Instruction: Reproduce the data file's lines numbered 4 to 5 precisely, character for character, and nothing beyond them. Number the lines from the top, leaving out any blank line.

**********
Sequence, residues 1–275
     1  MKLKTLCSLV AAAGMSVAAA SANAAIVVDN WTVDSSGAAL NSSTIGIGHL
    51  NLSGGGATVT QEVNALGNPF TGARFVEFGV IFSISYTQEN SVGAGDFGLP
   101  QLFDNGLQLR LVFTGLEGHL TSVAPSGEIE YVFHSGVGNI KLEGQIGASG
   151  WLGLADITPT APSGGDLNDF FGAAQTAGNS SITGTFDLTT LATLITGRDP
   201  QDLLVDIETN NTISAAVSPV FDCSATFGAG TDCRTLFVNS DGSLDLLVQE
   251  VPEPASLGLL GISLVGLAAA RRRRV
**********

   101  QLFDNGLQLR LVFTGLEGHL TSVAPSGEIE YVFHSGVGNI KLEGQIGASG
   151  WLGLADITPT APSGGDLNDF FGAAQTAGNS SITGTFDLTT LATLITGRDP